Poor Nancy, life is a drudge without any hope of things ever picking up; an aspiring writer who receives endless rejection letters she is also a loner yearning for human contact who can only find company in the form of her trusty ginger cat (the ironically human named) Paul. Nancy is in a rut, both personally and professionally and the bare emptiness of her existence is conveyed through the washed-out tones as we wait, willing for something good to come into her world. In her state of perpetual loneliness, Nancy finds herself posing as alternate versions of herself online in order to make emotional connections with others. She starts off small but then, seeing a television advert featuring an ageing couple who are renewing their appeal for their daughter 30 years later, she is led to believe she could be the missing piece in their lives. As events unfold, Nancy and the couple learn that the truth is sometimes a unique convergence of fact and fiction.
Identity and the human desire to spend time with and feel that you are needed by others is what Nancy (a thoughtful directorial debut by Christina Choe) is all about. Nancy herself (played with a beautiful combination of strength and fragility by Andrea Riseborough, “The Death of Stalin”) is uncertain of who she is on not only a biological level but on a deeper more personal footing which is communicated through the sense that she is not at all comfortable in her own body. Her home life involves caring for a parent with a debilitating illness (Ann Dowd, “Hereditary”) who in return, disrespects Nancy’s privacy by opening her mail and hurling a cacophony of insults and verbal aggression towards her. As we witness Nancy scarper into the safety of her car to open a letter that has fortunately escaped interception, we see the front is marked with the emblem of a publishing house. We take a sharp, deep in-breath in tandem with her whilst screwing our eyes tightly, hoping and wishing that this will be her ticket out of a miserable existence. Her subsequent rejection marks a shift in our expectations as much as it does in the narrative as we watch to find out what this last little push towards the edge will do to our protagonist.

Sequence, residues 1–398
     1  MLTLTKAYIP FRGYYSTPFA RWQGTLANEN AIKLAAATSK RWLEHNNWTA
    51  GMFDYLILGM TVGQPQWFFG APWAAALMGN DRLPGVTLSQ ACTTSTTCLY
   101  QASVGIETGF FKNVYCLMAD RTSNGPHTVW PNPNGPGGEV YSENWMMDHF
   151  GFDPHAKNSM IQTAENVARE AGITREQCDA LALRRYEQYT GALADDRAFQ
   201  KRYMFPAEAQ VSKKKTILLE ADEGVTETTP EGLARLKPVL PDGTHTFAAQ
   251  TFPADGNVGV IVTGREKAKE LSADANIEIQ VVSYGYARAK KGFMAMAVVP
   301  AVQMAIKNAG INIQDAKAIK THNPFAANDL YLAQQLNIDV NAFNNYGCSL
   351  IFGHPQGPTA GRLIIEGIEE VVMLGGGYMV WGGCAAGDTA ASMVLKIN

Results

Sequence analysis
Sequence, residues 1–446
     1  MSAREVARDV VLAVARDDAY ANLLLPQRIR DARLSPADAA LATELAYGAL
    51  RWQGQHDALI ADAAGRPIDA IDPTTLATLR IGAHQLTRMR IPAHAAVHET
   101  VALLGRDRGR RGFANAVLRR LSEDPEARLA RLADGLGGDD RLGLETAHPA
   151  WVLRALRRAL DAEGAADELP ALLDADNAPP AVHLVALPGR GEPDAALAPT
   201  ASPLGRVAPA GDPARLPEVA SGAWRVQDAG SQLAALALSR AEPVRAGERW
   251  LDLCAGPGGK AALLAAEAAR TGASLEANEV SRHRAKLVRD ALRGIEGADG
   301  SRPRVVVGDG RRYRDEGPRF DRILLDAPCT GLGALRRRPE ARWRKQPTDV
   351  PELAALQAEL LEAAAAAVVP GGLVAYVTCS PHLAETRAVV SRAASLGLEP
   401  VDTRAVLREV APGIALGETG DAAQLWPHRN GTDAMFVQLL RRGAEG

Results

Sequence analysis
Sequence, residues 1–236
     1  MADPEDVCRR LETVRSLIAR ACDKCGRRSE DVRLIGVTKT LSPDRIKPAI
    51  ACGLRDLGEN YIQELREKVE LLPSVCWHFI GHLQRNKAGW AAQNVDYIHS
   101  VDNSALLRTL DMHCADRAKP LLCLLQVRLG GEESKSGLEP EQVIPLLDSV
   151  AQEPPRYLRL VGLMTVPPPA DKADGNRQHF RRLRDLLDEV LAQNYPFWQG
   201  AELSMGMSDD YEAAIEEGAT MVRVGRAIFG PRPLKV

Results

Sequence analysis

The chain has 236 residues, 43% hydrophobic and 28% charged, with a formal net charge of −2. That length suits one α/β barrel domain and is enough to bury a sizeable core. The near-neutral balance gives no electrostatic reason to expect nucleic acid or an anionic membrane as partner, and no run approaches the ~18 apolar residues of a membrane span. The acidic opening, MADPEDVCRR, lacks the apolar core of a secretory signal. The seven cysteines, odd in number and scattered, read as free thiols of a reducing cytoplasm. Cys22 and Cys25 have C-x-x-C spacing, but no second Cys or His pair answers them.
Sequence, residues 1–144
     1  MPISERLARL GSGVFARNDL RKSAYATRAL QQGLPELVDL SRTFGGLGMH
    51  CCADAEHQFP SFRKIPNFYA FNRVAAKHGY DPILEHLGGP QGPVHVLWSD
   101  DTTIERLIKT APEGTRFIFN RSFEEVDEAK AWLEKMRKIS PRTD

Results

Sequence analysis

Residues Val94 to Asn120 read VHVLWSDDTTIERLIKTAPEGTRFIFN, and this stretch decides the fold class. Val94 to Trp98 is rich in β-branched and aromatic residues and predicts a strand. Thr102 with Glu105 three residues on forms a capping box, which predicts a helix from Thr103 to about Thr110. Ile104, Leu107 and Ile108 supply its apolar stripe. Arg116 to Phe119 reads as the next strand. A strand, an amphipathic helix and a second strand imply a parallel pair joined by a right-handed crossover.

This in fact becomes the catalyst towards Nancy faking a pregnancy in order to meet up with a man (John Leguizamo, “The Sun Is Also a Star”) who makes contact via her writing blog. However, any sense of disingenuity on Nancy’s part is negated by the knowledge that what she is really doing is reaching out in an attempt to make a connection with someone. The interaction doesn’t go as planned and it isn’t long before Nancy finds herself back at home with her demanding parent who soon passes away (not unwantedly), leaving her with a lonely couch otherwise only populated by her cat Paul. The second and most integral development then occurs as Leo and Ellen Lynch, two grief-stricken parents, make a renewed appeal for their daughter Brooke who we discover, went missing 30 years ago. Recognizing that the photo fit of how Brooke is expected to look now bares a striking resemblance to her own appearance, Nancy is filled with a new purpose. Like many moments in the film (which is one of its key strengths) Choe chooses to show rather than tell us what is happening which gives a wash of ambiguity to proceedings that doesn’t feel dissatisfying but rather, it serves to fuel the idea that there are multiple explanations to what is taking place. Here, we see the film’s most thematic and engaging image that represents the epitome of what Choe is delving into so well that it became the film’s poster as Nancy compares one half of her own face to a torn off half of Brooke’s. As she looks in the mirror, the image thus made more duplicitous and segmented, there’s a sadness in the realization that the happier, warmer and more appealing half belongs to the manufactured image and not the living human stood before us.